Writer: Adam Russell, 903-834-6191, firstname.lastname@example.org
Contact: Dr. Jason Banta, 903-834-6191, email@example.com
OVERTON — Getting or keeping cows in proper body condition throughout the winter can optimize pregnancy rates the following season, said a Texas A&M AgriLife Extension Service expert.
Dr. Jason Banta, beef cattle specialist, Overton, said cows with proper body condition scores at calving are more likely to breed back and produce healthy calves in the future. Proper nutrition and supplementation are two keys to keeping cows in good shape.
Banta said 2-and 3-year-old cows should have a body condition score of 6 or better at calving. Cows 4-years-old and older should be in a body condition score of 5 or greater at calving.
Cows with a body condition score of 5 should display abundant muscle tissue. Ribs are noticeable but overall fat cover is lacking. Hooks and pins are less obvious and hips and backbone are slightly rounded versus a sharp appearance, according to the AgriLife Extension overviews.
A body condition score of 6 represents cows that are ideal at calving. Ribs are covered completely with fat and beginning to cover the rump, and muscle tissue is at its greatest.
For more body score information go to: http://bit.ly/2hpHOwJ .
Hay should be tested for nutritional quality, which will give producers the necessary information to help determine supplementation requirements, Banta said. Any supplementation plan should be based on three primary criteria – the nutrient requirements of the animal, the quality of available hay or roughage, and the current condition of the cows.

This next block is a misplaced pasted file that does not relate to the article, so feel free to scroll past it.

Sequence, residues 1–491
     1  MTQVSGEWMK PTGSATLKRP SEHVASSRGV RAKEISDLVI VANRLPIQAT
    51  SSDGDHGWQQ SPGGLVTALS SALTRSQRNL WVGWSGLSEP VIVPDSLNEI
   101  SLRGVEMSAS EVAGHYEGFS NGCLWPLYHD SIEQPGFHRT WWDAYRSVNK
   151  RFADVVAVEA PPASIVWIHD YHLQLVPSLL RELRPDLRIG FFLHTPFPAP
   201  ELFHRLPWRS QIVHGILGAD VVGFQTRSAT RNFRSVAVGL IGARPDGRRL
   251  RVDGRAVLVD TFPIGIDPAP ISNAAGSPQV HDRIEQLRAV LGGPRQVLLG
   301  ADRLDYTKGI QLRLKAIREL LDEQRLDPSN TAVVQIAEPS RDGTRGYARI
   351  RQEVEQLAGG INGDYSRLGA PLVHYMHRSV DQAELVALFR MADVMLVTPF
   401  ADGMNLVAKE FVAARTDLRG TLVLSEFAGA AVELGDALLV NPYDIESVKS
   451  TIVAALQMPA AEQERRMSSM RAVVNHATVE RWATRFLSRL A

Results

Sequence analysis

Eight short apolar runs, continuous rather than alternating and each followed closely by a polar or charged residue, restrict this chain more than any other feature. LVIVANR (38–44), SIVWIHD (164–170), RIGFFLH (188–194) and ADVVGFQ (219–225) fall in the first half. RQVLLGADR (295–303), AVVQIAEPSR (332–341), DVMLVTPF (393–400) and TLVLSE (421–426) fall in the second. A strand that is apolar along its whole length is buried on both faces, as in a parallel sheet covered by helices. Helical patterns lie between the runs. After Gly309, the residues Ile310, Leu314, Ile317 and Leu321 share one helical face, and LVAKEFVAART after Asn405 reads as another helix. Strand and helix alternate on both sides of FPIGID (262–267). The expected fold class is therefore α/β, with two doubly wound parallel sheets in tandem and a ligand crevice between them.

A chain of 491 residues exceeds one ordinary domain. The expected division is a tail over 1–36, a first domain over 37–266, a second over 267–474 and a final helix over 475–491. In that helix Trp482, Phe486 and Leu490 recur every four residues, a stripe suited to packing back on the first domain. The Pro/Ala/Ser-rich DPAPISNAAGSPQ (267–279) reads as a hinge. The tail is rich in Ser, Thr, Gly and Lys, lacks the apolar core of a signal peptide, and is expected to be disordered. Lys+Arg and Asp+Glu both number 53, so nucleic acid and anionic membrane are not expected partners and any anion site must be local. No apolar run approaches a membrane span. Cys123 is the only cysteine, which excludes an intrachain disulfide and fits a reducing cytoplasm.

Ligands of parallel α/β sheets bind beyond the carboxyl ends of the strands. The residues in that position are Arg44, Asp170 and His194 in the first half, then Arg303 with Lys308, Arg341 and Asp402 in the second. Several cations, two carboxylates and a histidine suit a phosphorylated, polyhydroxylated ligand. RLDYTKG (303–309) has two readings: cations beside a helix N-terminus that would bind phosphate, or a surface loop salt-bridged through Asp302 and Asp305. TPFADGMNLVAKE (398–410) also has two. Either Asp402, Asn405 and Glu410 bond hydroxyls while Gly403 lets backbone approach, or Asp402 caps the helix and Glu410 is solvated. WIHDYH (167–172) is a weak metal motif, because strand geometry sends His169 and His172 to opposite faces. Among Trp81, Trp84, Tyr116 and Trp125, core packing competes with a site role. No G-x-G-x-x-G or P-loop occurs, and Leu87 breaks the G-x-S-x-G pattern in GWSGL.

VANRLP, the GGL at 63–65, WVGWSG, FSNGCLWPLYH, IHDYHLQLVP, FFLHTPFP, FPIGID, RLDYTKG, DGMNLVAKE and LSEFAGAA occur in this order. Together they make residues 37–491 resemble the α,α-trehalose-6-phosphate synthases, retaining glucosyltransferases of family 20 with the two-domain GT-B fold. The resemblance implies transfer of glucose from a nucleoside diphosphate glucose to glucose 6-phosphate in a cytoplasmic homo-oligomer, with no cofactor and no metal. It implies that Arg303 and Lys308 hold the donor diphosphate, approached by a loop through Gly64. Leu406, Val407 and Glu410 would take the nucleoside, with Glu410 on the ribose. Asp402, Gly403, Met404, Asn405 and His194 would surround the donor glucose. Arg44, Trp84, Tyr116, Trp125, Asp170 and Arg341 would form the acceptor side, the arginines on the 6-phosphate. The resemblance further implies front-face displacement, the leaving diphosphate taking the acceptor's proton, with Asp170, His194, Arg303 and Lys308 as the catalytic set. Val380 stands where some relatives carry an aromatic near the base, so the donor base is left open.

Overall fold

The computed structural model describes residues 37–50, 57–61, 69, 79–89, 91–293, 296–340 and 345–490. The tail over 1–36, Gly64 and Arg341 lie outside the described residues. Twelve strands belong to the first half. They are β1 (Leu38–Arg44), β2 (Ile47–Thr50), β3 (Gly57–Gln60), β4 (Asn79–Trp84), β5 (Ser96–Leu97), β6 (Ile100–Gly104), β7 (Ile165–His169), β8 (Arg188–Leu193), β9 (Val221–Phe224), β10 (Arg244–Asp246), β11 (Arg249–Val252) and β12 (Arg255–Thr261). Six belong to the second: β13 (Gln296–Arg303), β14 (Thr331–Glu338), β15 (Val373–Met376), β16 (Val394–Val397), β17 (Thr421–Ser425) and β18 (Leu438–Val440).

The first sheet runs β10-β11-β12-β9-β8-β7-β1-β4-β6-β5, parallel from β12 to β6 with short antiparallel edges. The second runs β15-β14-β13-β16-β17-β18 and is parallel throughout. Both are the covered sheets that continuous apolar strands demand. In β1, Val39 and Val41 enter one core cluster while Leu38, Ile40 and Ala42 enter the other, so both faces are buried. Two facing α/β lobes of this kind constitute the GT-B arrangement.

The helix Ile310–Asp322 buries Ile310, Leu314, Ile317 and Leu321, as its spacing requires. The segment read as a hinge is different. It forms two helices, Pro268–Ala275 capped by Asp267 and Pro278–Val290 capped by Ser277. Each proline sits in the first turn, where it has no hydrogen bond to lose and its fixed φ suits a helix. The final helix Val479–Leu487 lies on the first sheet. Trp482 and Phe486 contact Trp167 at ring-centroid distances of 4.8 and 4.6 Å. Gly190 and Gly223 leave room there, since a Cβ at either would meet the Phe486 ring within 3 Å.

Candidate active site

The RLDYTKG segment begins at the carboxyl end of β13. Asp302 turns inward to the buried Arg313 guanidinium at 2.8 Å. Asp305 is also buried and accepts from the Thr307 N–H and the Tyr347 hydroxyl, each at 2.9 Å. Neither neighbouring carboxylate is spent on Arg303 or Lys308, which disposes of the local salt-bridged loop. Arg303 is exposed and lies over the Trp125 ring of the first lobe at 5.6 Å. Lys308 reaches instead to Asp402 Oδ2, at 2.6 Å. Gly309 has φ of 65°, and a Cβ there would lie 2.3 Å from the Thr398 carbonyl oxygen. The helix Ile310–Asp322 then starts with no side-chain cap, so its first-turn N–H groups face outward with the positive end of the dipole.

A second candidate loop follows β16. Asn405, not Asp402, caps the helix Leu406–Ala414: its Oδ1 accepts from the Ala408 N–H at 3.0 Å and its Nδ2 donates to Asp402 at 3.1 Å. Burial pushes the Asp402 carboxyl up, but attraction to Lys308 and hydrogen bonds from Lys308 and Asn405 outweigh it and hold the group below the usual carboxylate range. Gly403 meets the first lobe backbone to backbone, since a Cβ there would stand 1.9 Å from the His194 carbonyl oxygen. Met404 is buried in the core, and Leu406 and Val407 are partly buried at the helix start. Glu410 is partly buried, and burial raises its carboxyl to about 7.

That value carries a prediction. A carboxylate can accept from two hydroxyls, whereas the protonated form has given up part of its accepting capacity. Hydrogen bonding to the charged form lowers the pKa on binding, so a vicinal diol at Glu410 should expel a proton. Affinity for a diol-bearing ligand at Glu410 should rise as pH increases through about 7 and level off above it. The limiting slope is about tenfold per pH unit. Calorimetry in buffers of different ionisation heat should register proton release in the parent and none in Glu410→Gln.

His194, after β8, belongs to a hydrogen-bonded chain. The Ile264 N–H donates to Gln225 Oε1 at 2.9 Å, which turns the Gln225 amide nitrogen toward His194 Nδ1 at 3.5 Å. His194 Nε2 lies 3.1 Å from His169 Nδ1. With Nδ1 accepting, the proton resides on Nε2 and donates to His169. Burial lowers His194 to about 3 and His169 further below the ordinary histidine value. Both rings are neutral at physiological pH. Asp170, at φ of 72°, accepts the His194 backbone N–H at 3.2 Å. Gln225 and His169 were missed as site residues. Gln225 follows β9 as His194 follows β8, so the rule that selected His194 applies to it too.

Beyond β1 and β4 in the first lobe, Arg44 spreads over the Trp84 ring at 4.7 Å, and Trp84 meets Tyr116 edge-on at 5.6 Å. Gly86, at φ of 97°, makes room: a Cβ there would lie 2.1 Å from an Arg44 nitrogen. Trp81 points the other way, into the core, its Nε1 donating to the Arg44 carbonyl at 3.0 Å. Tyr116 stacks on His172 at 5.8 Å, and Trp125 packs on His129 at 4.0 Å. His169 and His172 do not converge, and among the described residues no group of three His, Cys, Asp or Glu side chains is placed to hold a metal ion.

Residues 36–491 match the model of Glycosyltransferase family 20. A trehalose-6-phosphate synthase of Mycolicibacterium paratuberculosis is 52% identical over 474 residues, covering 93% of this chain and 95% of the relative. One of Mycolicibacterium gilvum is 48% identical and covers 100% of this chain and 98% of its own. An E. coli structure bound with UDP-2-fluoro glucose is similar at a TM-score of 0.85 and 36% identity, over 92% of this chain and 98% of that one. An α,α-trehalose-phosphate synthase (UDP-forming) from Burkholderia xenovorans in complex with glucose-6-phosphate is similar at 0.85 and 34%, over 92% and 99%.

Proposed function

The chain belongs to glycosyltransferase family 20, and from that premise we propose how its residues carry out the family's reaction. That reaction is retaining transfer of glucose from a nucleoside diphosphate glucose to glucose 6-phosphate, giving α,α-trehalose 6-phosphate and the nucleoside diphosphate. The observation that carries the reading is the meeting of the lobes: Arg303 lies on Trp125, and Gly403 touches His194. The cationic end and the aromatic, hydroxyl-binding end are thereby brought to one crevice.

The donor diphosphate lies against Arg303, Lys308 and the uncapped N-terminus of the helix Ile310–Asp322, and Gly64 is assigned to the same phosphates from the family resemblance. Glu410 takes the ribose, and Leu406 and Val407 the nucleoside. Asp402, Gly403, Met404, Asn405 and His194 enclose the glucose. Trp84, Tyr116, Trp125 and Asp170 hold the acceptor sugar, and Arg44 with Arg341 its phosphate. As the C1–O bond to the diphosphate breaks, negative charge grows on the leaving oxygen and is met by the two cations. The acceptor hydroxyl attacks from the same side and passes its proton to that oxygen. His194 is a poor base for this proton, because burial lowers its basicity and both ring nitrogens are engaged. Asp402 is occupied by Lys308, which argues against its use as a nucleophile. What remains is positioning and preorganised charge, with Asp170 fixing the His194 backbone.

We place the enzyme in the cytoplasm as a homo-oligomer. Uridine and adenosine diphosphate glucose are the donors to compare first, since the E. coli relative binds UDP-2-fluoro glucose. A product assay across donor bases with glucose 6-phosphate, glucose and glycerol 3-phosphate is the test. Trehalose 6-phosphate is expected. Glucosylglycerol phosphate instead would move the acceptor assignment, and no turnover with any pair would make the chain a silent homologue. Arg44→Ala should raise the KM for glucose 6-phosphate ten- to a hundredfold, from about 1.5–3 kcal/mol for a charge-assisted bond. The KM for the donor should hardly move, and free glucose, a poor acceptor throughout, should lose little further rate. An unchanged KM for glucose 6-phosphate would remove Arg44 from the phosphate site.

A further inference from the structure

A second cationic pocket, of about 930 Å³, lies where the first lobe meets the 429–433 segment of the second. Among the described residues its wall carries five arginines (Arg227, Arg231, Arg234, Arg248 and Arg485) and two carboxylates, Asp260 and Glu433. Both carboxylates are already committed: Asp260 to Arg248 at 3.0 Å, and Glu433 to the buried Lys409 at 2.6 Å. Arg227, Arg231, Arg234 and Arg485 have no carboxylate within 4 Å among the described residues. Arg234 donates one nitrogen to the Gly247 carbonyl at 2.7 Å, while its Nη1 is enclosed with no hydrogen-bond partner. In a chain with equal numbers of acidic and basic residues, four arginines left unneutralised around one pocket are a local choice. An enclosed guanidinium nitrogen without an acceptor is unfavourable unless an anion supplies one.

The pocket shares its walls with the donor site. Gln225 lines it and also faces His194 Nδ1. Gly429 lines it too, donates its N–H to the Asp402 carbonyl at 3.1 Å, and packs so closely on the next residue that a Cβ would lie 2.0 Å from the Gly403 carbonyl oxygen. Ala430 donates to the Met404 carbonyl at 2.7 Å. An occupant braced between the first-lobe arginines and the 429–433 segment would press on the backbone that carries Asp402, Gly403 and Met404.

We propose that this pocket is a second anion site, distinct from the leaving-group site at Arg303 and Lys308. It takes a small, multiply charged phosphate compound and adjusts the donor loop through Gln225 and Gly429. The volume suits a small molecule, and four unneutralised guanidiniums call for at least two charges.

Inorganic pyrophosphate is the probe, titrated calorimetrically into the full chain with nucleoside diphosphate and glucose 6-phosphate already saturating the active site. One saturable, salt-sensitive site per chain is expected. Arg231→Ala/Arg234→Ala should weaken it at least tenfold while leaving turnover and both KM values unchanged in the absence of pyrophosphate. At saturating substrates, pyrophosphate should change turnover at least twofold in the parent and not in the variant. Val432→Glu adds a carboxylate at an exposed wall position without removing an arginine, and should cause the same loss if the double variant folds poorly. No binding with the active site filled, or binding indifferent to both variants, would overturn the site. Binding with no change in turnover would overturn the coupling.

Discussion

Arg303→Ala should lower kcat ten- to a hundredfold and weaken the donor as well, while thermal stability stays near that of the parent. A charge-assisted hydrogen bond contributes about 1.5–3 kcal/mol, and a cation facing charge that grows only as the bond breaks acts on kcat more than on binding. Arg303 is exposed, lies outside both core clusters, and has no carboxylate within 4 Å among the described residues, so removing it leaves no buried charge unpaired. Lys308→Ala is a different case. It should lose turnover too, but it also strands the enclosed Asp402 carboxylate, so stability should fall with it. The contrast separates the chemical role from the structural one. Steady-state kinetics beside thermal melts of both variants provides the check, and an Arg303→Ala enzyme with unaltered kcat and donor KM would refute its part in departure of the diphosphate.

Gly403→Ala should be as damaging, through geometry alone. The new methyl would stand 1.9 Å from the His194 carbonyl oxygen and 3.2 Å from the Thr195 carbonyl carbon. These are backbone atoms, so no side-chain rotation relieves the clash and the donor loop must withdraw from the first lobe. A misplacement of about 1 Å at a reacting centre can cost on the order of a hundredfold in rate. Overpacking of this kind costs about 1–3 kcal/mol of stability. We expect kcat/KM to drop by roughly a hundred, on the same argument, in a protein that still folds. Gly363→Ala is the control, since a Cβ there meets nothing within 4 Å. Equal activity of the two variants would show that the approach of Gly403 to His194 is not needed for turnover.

Winter supplementation will depend greatly on what stage of production the cow is in, Banta said. Lactating cows require different amounts of supplementation than dry cows, those pregnant but not nursing a calf.
“When evaluating pasture or hay, consider the nutrient requirements of the cow,” Banta said.
For example, to maintain its body condition, a lactating cow would require hay that is about 11.5 percent protein and 62-63 percent total digestible nutrients, or TDN. A dry cow in late gestation would need about 8 percent protein and 55 percent TDN.
Producers should select supplements based on the cost per unit of nutrient needed, Banta said. Cubes are a common supplement used by many producers.
If both energy and protein supplementation are needed, a 20 percent cube would likely be most cost effective, he said. However, if only a protein supplement is needed, then a 40 percent cube is more cost effective.
Banta said producers should start slow and build up with supplements, such as concentrates and grains, because cows are designed to consume grasses. It’s also important to feed them supplements consistently each day to avoid digestive problems such as acidosis, which can lead to founder, foot abscesses, damage to the rumen lining damage, or death.
He recommends starting with no more than 2 pounds of supplement per cow per day and slowly building up from there.
Banta said producers should watch manure patties to monitor cows’ protein intake.
“If patties look like they are stacking up and are firm, that tells us we need more protein supplement,” Banta said.
A 40 percent cube is a good concentrated supplement source of protein, he said. Generally speaking, if cows are in good condition then 1-1.5 pounds of a 40 percent cube or something similar is a good place to start for dry cows; 2-3 pounds per day would likely be needed for wet cows, Banta said. If cows also need energy, then something like a 20 percent cube could be a good option. With average quality hay, a common feeding rate for dry cows would be about 2-3 pounds per day per cow or 4-6 pounds for wet cows.
“Feeding amounts really depend on hay quality and other factors, so for more information I recommend visiting with a nutritionist or an AgriLife Extension beef cattle specialist,” Banta said.
via source AgriLife TODAY | Proper winter supplemental feeding can optimize future breeding
For more information regarding news from the Department of Animal Science, College of Agriculture and Life Sciences, Texas A&M University, please contact Maggie Tucker at firstname.lastname@example.org or (979) 845-1542.